*As previously published on Hybrid Mom
As many of you know my daughter Katie is big on giving back. Since high school she has been developing a real passion for girl’s health and empowerment. My husband, Michael, has always been a ‘woman’s libber’ and has always encouraged her to go after her passions and impressed upon all the kids that doing well in school gives you options in life. Education has always been huge in our family. As a mother and a woman I love what she is pursuing. She inspires me to do more. Her schedule at school is so packed, but she finds time to do the extra. She wanted to share her latest project with all of you so she is guest blogging this week (below). Maybe all us gals can find a way in our neighborhoods to do something, anything to help our young girls. For so many girls out there, just a little bit of our giving back goes such a long way. Let’s give everybody their best shot at this life! Check out the documentary that Katie speaks of … it is incredible!
– Mary Beth
My name is Katie and I have written in place of my mom, Mary Beth, on her usual blog before to share my stories from my Vietnam trip in which I set up mobile medical clinics. Today I am writing to raise awareness about a great cause that I was involved with in high school and have decided to get involved in again only this time at my university, UC Berkeley.
My friend, Tess, and I recently started a club at Berkeley called the Women’s Solidarity Movement. The goal of our club is to raise awareness about sexual abuse and promote the importance of healthy, empowered women in the U.S. and abroad. We plan to fundraise for the Girl Child Network Worldwide, an organization that works to help young women and girls in Africa who have been subject to sexual abuse and harassment, HIV/AIDS, domestic and military violence, trafficking into sexual slavery and the denial of schooling. The Girl Child Network Worldwide was started by a very inspiring woman by the name of Betty Makoni, one of ten individuals awarded CNN’s top 10 heroes of the year for 2009.
Through the Girl Child Network, Betty had built three safe villages in Zimbabwe for particularly vulnerable girls and started 500 girls’ clubs with 30,000 members. Betty helps these girls to get back on their feet by giving them the chance to go to school, medical care, food, clothes, a home and safety. Most importantly, she gives them the courage to demand respect for their rights. A big thing that the Girl Child Network provides the girls with are educational packages. These packages include school fees, a satchel, dresses, pads and tampons, stockings, clean underwear, food and transport. The packs cost anywhere from $25-$300 dollars for the year, depending on issues such as if the girl lives in an urban or rural area, if they are disabled, or if they are in elementary, high school or university.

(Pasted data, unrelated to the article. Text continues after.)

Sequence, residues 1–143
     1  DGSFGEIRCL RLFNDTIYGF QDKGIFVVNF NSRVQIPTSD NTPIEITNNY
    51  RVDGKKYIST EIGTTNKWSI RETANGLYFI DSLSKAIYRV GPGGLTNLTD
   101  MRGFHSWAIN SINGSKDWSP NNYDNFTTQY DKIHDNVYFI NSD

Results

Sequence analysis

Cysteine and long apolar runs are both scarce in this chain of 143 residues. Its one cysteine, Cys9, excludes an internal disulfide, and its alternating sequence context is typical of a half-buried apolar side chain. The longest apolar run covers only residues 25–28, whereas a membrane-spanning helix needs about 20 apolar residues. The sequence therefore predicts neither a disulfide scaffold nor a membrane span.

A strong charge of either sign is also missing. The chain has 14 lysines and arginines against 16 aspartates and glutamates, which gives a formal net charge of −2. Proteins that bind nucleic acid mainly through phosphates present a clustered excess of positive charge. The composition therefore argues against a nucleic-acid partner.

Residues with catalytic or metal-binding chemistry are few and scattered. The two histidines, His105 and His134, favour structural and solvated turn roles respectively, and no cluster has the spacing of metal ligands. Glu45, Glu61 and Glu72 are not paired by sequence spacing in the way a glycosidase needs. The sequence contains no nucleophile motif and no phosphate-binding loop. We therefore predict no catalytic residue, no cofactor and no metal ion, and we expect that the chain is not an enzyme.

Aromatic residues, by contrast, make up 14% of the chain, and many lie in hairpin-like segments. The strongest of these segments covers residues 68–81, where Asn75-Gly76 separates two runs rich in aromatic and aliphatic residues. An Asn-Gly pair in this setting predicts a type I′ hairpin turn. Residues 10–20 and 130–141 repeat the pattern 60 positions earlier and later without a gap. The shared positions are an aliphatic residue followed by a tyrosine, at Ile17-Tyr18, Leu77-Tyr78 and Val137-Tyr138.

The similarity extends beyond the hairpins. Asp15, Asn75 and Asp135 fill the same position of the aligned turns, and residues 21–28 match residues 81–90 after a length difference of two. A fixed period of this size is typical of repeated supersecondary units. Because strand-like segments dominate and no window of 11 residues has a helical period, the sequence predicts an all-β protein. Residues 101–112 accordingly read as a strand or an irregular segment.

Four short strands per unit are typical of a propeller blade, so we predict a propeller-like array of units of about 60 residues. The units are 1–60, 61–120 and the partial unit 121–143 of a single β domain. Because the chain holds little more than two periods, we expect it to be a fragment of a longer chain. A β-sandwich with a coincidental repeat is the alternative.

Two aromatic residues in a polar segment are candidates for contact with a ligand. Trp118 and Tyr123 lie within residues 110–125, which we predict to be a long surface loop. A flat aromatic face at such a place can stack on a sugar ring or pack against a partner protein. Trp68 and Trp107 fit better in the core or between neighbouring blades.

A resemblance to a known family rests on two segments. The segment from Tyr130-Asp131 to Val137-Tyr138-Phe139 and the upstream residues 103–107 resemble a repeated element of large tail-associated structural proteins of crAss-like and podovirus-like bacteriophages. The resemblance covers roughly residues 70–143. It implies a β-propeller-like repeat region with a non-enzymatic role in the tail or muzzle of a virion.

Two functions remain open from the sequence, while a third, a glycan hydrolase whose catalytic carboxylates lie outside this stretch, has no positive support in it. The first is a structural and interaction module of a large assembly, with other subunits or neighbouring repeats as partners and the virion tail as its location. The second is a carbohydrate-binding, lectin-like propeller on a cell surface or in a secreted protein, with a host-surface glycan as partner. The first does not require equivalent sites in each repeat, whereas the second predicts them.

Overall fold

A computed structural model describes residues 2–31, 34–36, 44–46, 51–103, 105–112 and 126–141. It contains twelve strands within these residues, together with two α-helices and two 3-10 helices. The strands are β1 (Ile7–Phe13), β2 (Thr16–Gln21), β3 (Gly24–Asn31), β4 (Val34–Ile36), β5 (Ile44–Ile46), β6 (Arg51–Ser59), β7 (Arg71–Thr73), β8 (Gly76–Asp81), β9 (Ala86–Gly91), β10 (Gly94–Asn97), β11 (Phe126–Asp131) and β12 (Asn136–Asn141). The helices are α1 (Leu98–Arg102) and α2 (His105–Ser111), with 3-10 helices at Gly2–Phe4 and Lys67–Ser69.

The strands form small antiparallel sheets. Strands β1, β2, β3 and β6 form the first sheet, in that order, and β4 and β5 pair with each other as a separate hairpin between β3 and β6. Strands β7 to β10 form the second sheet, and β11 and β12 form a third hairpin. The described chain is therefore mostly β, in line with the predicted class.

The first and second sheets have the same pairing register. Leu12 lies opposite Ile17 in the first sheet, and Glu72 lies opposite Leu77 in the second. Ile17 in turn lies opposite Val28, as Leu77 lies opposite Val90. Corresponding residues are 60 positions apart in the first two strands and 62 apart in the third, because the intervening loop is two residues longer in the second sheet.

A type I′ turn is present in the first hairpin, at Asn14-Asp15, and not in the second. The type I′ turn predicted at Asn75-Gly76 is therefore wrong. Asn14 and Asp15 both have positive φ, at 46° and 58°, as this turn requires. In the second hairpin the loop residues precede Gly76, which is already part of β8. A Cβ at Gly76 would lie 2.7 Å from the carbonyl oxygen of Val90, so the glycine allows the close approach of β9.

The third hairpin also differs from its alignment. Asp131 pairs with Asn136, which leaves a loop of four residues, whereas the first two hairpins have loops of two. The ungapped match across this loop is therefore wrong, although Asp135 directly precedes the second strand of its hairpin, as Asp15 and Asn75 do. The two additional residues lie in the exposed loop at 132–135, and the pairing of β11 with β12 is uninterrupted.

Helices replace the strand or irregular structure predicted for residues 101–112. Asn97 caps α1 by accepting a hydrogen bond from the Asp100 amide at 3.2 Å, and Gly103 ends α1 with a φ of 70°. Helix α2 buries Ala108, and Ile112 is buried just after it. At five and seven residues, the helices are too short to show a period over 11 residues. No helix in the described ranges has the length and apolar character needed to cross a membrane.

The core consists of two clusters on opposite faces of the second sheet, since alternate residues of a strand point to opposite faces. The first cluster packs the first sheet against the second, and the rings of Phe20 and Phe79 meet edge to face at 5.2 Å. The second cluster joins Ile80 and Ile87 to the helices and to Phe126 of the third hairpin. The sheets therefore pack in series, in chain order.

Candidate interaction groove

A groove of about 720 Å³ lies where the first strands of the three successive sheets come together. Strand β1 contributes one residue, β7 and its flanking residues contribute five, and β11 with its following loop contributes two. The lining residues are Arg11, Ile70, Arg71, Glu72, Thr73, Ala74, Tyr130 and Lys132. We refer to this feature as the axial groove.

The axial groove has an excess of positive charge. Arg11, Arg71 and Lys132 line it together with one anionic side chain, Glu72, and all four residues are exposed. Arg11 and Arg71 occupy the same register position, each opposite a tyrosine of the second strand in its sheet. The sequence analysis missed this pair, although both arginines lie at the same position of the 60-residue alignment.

In the Women’s Solidarity Movement group at UC Berkeley, we plan to raise as much money as possible through our campus community to send to the Girl Child Network so that they can continue to run and improve their programs in Africa for these young women. We also plan to teach our campus community about the effects of sexual abuse on women and young girls as well as other issues preventing these girls from attending school and living healthy lives. In addition, we plan to bridge a communication between the members of our campus group and the young women living in the empowerment villages via some sort of letter writing or skype so that we can form a connection and support system as women to women and students to students from abroad in the US. We also are planning opportunities for our group to reach out to the community in Berkeley and work with women’s shelters for abused women and children. Finally, we plan to learn and teach self defense to these women and our fellow students and community in Berkeley so that they may all be able to protect themselves in the event of an attack.
Next week on September 28th at 7:30 p.m., a documentary called Tapestries of Hope is playing for a special one time only screening at various theaters around the U.S. This documentary follows Betty Makoni’s work in Africa with the Girl Child Network and the myth that having sex with a virgin will cure HIV/AIDS. Tapestries of Hope was directed by Michaelene Risley who befriended Betty Makoni and then traveled with her to Zimbabwe to tell the stories of the very vulnerable girls in the safe villages whom the GCN has been helping to re-empower and find their voice. I highly encourage anyone who is near one of the listed theaters to see this film. Please take a second to go to this website and scroll down to see the very moving preview and to see where the film is playing at a theater near you: http://www.tapestriesofhope.com/
Our club is new on our campus but we are a group of very passionate and motivated individuals. We need all the help we can get and would greatly appreciate donations that we may send to the Girl Child Network and be able to hit the ground running with our campus group at Berkeley. We’re still in the process of figuring out the logistics of our fundraising but if you’re interested in learning more or helping in any way please contact us at firstname.lastname@example.org. We look forward to keeping you updated on our progress!